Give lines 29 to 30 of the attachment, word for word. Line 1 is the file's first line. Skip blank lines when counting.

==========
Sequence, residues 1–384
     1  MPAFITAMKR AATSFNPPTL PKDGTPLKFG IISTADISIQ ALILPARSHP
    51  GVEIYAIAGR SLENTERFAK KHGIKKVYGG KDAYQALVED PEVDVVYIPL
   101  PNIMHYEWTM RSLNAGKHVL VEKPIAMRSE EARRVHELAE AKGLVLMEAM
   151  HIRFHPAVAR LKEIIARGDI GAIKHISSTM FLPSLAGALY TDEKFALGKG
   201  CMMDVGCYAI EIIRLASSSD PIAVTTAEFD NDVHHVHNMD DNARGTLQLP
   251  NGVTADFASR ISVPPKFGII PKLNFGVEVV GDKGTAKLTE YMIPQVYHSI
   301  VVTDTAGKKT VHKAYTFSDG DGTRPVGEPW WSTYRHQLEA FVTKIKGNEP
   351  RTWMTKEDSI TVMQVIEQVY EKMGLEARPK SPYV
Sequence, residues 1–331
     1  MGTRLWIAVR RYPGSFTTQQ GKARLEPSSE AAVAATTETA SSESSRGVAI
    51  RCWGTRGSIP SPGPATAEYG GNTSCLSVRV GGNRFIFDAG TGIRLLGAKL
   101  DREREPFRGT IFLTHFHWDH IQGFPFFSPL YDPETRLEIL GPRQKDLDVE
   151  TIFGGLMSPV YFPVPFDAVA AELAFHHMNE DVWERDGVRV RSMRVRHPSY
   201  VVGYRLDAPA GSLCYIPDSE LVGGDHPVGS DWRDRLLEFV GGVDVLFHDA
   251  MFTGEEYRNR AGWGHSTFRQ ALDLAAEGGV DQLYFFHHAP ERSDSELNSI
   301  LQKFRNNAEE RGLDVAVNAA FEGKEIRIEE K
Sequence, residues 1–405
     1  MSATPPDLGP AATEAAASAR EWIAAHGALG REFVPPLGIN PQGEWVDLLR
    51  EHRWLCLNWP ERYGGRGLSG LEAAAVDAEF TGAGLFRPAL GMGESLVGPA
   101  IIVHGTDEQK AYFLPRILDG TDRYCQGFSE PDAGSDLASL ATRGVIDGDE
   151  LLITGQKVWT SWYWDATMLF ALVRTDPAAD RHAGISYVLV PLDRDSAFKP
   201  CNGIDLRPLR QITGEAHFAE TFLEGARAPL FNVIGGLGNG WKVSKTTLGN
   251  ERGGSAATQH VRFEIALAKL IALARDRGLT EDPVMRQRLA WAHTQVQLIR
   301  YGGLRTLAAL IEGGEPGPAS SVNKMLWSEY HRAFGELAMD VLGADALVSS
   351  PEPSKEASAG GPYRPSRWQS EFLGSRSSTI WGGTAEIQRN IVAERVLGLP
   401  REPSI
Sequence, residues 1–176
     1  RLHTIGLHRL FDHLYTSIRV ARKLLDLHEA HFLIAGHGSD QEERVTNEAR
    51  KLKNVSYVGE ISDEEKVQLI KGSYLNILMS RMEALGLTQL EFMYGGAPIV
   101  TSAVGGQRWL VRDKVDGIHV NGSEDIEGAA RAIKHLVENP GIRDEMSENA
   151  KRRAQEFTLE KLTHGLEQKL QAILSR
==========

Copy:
     1  RLHTIGLHRL FDHLYTSIRV ARKLLDLHEA HFLIAGHGSD QEERVTNEAR
    51  KLKNVSYVGE ISDEEKVQLI KGSYLNILMS RMEALGLTQL EFMYGGAPIV